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Continuous Improvement and Evolution of Accounts Payable

A recent PeercastTM featured a $5B manufacturing company with global operations and over 10,000 employees.  While they have a global Shared Services organization in place, there remain challenges to standardizing processes due, in part, to systems differences.  While SAP is used globally, there are three SAP instances, with one for the US, a second for Europe, and a third used for AMEA (Africa, Middle East, and Asia).

The company has made steady progress to improve its Purchase-to-Pay processes in North America since the move to Shared Services in 2000.  Ten years later, the effort increased dramatically in scale, with the implementation of a global organization for Shared Services.   Even though much progress had been made, the “hard truth” was that, even in North America where the largest investments had been made and large gains realized, the Accounts Payable process still had some highly manual activities, requiring temporary staff support and with “paper everywhere”.

In 2010, after evaluating multiple vendors, the company selected ReadSoft as a front-end imaging solution, with a US go-live date in early 2011 and Europe implementation six months later.

Listed below is a summary of some of the lessons learned from the project:

·         When implementing globally, ensure as much process standardization prior to implementation as possible.  Exceptions can be difficult to manage.

·         Build metrics into your stabilization phase quickly to allow you to see deviations.

·         Make sure the project team includes everyone in the Purchase-to-Pay process, even if the project doesn’t appear to directly impact all parties.

·         Having a robust plan for testing is an absolute must.

·         Make sure to clean up any invoice backlog before the go-live date.

·         Be sure to include end-users in the training.

·         Use workflow tools when possible, and be aware that OCR isn’t a perfect process, so be prepared to handle exceptions.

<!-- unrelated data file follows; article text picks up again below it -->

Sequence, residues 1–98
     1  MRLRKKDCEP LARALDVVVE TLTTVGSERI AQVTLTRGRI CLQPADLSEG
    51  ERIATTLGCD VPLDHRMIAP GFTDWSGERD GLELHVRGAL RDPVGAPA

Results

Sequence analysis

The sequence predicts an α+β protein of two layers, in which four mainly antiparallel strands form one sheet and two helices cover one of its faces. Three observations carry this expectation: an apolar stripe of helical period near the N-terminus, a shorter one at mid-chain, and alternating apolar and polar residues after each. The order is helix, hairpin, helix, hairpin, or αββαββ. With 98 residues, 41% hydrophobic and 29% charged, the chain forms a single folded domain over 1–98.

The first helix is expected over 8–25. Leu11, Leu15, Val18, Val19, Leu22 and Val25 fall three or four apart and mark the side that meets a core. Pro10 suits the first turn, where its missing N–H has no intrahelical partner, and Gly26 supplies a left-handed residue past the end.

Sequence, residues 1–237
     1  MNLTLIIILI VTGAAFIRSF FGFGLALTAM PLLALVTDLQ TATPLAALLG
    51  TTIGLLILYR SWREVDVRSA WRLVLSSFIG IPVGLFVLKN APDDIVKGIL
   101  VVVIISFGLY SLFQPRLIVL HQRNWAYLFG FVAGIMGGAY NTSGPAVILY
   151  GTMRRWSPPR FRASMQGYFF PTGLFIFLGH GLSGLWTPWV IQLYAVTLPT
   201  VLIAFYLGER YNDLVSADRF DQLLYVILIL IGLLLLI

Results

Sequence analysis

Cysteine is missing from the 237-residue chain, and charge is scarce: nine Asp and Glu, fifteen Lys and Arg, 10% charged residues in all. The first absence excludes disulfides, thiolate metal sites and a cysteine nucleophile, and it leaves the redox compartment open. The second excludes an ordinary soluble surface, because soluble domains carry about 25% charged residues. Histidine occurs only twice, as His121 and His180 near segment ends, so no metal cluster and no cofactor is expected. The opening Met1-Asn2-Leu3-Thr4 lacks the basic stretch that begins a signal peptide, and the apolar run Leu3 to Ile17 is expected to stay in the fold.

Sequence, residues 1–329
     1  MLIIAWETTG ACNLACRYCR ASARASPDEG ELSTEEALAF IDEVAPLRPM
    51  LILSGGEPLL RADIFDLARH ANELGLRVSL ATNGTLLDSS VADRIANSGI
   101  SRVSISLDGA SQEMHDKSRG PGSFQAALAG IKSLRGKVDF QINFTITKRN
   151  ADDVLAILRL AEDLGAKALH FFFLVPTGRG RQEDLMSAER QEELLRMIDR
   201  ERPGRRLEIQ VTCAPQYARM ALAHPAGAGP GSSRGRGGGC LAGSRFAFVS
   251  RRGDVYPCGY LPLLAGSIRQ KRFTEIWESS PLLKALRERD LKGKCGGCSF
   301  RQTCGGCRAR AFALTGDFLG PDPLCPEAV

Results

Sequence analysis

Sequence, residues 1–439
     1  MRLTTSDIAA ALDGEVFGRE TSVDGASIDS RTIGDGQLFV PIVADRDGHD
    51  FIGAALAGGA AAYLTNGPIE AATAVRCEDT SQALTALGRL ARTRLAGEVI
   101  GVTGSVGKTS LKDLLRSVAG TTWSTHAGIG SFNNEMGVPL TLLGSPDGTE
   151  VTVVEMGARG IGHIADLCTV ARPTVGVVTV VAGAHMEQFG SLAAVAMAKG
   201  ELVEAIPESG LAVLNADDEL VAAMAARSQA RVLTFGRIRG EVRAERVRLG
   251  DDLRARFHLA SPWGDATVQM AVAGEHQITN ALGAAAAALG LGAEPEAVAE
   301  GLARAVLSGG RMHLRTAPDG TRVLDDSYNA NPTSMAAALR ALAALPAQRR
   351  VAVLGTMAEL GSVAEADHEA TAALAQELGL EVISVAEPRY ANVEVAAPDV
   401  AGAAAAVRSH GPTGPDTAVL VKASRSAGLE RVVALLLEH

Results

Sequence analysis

·         Most importantly, don’t implement new technologies around a broken process.  Fix the process!

Results from supporting iPolling1 questions confirm that pursuing ongoing improvement in Purchase-to-Pay process is a priority for most companies, with 86% with projects within the past year and many pursuing related projects on an annual basis.  Here are the details:

 when was the last time the accounting payable process was improved for productivity ipolling results

Results of the follow-up question were interesting, with 48% citing “competing priorities” as the greatest obstacle to re-engineering projects for Accounts Payable, with 21% primarily concerned that the current technology options are not ideal for the projects they would like to pursue. Only 7% cited a lack of funding as being the biggest obstacle.

 ipolling results on biggest obstacle in pursuing re-engineering projects for accounts payable

Comments from iPolling participants provide additional insight:

·         Each year we put significant effort into continuous improvement. We utilize metrics both to set goals and measure progress in this area.

·         Improvement projects in A/P are more difficult for us because we do not own the entire Procure-to-Pay cycle so we struggle with making changes in our Procurement processes because there are different stakeholders and priorities.

·         This is an ongoing effort for us as well, with several projects focused on specific processes within AP. We have not had any major re-engineering efforts across all of AP since upgrading our ERP system. This was a significant effort that forced us to re-engineer nearly every process we manage.

·         The greatest obstacle for us is a combination of competing priorities due to IT and Project resource availability, combined with legacy business complexities.

·         We do not own the ERP or the entire process, so re-engineering the process is very challenging.


How recently has your company pursued an improvement effort for the Purchase-to-Pay process?  What is next on your list of improvement initiatives for this process?

Who are your peers and how are you collaborating with them?



“PeercastsTM” are private, professionally facilitated webcasts that feature leading member company experiences on specific topics as a catalyst for broader discussion.  Access is available exclusively to Peeriosity member company employees, with consultants or vendors prohibited from attending or accessing discussion content.  Members can see who is registered to attend in advance, with discussion recordings, supporting polls, and presentation materials online and available whenever convenient for the member.  Using Peeriosity’s integrated email system, Peer MailTM, attendees can easily communicate at any time with other attending peers by selecting them from the list of registered attendees. 

 “iPollingTM” is available exclusively to Peeriosity member company employees, with consultants or vendors prohibited from participating or accessing content. Members have full visibility of all respondents and their comments. Using Peeriosity’s integrated email system, Peer MailTM, members can easily communicate at any time with others who participated in iPolling.


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